Unity by Jo Agard

On May 26, 2017 three men defended two girls on a MAX train from a man who screamed racist and Islamophobic slurs. Rick Best and Taliesin Myrddin Namkai Meche died as heroes, while Micah Fletcher survived after defending innocent girls who were only trying to get to their destination. This hatred has become more vocal due to our current political situation.

This is not saying that it didn’t exist before 2017, but it’s just become easier for people to say or do horrible things because someone’s ethnicity, culture, or religion is different than their own.

Bigotry is something that is dividing society, and the sad part is that it’s something that can be reversed. Bigotry is taught out of ignorance. Jeremy Joseph Christian is just an example of how far someone’s pure hate can reach. A memorial was created to remember the 2 men who lost their lives, and to unite the community. Almost all of the messages written involved loving one another, and fighting against hate of any kind. Coming to a memorial like this is incredibly emotional, and multiple people did show their feelings about this random act of violence. This memorial also brought so many diverse groups together. Unity is the best word to describe it

The combination of new and wilted flowers, candle wax, posters, and messages written in chalk created something beautiful but heartbreaking. I was nearly brought to tears because of the knowledge that innocent people died here for defending others.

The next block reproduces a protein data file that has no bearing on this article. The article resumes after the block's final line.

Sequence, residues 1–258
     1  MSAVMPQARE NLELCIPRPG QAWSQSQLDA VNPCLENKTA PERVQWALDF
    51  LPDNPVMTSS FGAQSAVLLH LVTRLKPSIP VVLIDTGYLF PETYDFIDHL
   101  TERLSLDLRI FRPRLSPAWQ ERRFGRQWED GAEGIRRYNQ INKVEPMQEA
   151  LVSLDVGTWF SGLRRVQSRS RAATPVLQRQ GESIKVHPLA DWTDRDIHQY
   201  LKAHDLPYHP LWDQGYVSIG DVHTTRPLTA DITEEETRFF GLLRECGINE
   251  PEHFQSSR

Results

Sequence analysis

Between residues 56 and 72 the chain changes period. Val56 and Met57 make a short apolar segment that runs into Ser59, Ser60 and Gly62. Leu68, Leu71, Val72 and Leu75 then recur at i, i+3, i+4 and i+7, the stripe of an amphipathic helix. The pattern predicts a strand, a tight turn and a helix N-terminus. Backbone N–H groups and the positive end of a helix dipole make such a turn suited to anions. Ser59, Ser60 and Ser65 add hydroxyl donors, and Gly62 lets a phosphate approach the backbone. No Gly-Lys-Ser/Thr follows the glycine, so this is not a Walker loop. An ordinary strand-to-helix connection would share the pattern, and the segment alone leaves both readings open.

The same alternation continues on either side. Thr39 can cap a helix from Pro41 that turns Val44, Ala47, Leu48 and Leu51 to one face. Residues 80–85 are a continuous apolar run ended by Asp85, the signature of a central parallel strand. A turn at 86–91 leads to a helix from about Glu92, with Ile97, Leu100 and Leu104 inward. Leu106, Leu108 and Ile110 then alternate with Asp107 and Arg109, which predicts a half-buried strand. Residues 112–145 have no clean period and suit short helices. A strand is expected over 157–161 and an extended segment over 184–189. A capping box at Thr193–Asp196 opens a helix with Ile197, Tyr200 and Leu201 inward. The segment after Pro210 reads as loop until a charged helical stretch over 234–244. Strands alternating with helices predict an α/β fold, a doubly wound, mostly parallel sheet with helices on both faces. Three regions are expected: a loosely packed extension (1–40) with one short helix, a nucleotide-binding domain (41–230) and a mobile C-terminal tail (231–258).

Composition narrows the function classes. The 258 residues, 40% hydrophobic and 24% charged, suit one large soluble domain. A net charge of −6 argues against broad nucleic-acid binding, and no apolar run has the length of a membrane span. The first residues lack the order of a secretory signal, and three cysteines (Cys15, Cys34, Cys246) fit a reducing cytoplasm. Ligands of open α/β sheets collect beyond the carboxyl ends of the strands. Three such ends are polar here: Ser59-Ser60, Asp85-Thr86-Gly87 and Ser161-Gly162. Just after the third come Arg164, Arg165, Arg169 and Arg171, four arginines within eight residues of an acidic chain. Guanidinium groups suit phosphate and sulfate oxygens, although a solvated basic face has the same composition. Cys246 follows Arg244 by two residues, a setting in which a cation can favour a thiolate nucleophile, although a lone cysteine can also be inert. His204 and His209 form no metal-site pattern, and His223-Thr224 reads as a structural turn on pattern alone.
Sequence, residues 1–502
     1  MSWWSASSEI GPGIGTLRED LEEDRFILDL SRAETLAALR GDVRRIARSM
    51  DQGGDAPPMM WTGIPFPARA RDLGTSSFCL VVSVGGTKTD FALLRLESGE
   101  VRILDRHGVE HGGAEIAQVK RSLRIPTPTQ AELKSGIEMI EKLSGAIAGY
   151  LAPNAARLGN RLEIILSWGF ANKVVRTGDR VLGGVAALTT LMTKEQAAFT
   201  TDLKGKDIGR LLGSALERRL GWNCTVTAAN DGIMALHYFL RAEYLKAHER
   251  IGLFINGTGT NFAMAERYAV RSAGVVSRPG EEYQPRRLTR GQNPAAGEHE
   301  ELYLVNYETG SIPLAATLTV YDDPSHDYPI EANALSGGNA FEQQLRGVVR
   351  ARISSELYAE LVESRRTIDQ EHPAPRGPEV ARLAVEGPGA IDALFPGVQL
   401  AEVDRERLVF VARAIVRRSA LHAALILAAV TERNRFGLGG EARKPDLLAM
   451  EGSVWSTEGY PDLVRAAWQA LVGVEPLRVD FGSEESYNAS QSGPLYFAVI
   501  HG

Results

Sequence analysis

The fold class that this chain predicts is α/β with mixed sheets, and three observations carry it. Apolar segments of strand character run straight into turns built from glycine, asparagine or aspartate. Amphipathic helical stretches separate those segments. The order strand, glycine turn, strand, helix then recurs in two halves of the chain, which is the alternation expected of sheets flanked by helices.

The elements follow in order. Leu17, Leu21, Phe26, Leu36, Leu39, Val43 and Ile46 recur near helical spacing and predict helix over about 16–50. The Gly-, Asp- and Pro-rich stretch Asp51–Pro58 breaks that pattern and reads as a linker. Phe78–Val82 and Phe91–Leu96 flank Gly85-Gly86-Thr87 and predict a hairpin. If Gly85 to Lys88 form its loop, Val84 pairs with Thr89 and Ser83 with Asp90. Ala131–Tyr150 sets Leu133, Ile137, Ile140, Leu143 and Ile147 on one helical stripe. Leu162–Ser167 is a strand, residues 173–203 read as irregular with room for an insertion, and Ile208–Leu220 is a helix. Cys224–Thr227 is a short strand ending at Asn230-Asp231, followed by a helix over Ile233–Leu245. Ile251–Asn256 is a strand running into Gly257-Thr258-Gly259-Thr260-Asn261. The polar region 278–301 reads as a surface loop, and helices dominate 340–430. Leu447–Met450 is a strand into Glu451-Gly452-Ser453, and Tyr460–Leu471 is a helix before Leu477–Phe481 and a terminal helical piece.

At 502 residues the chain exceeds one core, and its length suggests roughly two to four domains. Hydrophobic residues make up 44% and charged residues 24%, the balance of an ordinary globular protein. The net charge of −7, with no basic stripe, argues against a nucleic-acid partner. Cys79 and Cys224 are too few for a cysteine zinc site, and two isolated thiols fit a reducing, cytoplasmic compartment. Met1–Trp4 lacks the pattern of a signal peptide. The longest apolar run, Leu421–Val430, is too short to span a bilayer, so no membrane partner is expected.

As someone who has dealt with racism throughout my life, this hit me much harder than I would have imagined. What if I was in a situation like that when I was going to the store? What if I could have died almost like those girls because of the color of my skin? I have personally never experienced being hated for my religion, but I do relate to being hated because of who I am. This has always bothered me. Why must society always constantly be divided? It seems that we’re only united as a people when a tragedy like this happens.

We can prevent things like this from happening if we punish people who hate others for no reason. Common racism or Islamophobia or any other kind of random act of violence needs to be addressed. This brought on multiple discussions towards race and fighting against racism and brought on talk of improving our resources to help the mentally ill. Some people think that Christian was mentally ill, while others think that he was fully aware of his actions and did out of hatred. Hatred is not a mental illness. It is something you are taught. It’s also something that can be unlearned.

I sadly have a feeling that this event will be quickly forgotten, just like the girls who were picked on for no reason. I took these pictures because I had a big need to document such a big thing like this. I don’t want this event to be forgotten. Let’s hope it doesn’t.









Words and Photos by Jo Agard